Veterinarians often hear owners say that canned food is generally better than dry for cats because the former is higher in protein. Well… research on feline nutrition suggests that In some cases, dry food has more protein than canned, even when comparing similar products made by the same manufacturer.
In one example, a manufacturer's canned variety contains 43.2% protein on a dry matter basis (meaning after the water has been removed, a necessary calculation when comparing dry and canned foods). Their dry version of the diet comes in at 56.8% protein, again on a dry matter basis. To see whether this finding was unique to this particular brand a look at another manufacturer’s prescription, gastrointestinal diet indicates that their dry food is 40% and canned food is 37.6% protein, both on a dry matter basis.
Hmmm. Perhaps protein levels being higher in dry versus canned foods had something to do with the nature of prescription, gastrointestinal diets. But further investigation looking at high quality, over the counter maintenance food for adult cats made by a major pet food company showed that their “salmon” kibble and canned “salmon” diets were 33% protein.
Okay then, what about a brand of food that has a well-earned reputation for being one of the highest protein varieties available over the counter? The company’s dry Turkey and Chicken Cat/Kitten Food (it’s an “all life stages” food) has 55.6% protein while their canned version of the same food has 54.5% protein.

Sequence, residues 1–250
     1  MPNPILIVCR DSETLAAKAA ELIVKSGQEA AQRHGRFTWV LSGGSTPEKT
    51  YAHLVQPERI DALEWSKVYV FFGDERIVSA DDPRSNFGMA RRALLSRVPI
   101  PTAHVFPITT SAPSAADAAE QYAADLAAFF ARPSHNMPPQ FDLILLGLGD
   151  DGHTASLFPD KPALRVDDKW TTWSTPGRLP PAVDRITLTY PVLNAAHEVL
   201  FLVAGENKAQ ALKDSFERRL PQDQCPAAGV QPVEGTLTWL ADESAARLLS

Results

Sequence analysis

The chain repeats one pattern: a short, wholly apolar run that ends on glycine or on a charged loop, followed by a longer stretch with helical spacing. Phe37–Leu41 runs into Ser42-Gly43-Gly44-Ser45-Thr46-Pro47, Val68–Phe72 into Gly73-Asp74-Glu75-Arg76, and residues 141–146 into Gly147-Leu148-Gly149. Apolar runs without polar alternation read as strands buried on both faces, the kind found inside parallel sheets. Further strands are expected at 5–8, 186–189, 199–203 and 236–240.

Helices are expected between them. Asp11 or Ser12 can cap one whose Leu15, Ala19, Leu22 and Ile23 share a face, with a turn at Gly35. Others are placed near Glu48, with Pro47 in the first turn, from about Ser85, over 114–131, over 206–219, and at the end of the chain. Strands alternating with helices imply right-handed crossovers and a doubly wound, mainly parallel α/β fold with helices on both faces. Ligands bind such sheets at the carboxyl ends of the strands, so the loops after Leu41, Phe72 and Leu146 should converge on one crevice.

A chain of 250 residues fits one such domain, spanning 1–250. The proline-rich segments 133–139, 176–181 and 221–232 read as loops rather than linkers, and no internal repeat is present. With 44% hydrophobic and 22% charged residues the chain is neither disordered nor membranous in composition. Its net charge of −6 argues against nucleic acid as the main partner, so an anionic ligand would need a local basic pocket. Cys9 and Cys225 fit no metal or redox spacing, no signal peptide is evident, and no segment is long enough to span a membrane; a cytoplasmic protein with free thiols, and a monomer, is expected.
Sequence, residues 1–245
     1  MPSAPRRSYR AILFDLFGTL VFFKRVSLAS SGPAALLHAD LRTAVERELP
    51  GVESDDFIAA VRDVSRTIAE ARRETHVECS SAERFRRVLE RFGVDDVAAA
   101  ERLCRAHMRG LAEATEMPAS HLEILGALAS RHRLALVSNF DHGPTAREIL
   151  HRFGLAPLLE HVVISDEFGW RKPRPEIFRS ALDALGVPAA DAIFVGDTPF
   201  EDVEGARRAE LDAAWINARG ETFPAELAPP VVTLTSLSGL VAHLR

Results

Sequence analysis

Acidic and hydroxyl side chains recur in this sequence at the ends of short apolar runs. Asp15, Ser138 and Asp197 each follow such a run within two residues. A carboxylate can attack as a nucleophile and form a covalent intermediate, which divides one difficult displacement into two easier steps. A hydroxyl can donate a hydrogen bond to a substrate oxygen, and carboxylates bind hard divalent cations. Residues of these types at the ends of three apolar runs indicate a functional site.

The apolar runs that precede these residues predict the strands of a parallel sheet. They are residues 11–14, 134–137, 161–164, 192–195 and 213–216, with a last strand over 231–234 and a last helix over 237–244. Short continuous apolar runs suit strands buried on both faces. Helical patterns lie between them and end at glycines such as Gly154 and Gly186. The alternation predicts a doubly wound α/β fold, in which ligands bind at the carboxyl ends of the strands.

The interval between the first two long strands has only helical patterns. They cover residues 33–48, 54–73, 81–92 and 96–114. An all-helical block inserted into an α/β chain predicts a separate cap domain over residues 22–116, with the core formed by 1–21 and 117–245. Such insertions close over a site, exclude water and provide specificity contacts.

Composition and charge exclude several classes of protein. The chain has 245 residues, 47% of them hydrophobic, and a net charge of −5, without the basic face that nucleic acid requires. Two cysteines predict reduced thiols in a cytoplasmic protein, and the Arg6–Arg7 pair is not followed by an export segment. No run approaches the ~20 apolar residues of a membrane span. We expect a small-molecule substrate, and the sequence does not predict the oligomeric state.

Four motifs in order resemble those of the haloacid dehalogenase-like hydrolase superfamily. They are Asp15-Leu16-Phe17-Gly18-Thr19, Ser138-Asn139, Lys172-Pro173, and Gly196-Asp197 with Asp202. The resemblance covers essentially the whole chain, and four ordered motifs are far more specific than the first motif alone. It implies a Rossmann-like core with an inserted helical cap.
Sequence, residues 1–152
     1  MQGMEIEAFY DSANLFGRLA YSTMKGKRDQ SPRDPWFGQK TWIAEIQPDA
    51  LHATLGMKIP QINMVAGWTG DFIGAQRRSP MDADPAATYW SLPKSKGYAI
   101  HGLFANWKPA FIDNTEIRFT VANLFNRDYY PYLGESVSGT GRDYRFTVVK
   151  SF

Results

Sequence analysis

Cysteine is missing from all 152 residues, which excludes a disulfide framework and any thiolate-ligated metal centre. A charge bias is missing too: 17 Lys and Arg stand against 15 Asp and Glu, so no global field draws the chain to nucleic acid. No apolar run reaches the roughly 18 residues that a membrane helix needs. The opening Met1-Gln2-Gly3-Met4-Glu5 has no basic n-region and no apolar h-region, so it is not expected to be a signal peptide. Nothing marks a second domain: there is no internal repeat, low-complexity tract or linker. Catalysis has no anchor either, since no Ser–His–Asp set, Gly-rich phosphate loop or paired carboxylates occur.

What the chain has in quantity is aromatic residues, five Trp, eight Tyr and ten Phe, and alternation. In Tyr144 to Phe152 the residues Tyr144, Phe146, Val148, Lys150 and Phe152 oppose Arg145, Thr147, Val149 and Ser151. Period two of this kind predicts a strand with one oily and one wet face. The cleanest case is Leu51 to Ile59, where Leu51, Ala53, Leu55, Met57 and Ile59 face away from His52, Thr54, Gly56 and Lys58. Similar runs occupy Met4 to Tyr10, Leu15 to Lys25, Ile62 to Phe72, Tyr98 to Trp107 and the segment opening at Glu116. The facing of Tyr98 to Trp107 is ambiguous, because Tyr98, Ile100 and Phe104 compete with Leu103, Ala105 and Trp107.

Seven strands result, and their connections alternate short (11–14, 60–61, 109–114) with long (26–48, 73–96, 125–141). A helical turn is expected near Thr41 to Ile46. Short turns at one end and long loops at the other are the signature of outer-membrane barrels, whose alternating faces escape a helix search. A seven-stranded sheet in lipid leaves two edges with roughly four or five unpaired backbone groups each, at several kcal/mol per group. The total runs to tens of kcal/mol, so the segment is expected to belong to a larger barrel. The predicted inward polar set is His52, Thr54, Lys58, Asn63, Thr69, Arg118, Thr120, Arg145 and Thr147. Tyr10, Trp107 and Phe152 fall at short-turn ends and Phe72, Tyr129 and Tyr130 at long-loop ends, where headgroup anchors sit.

So... the take home message is that owners can’t rely on the overly simplified statement that canned foods contain more protein than do dry.
Furthermore, comparing ingredient lists isn’t all that helpful either. Ingredients are listed in order of decreasing dominance in the food based on their weight which includes water content. The first few ingredients listed on the labels of the Turkey and Chicken Cat/Kitten Food mentioned above are:
There’s no way around doing some math when it comes to comparing the protein content of dry and canned cat foods. Thankfully, the calculation involved is simple:
Keep in mind, however, that protein level is not the only characteristic that should be evaluated when picking out a cat food. In fact, the very attribute of canned foods that limits how high their protein levels can be — their high water content — is very beneficial for feline health.
The PAW Blog...
For the LOVE of Pets
The goal of this blog is to help educate pet owners by sharing pet health facts and pet news articles...and ... sometimes put a smile on your face with a cute or funny pet story!
Search for any topic...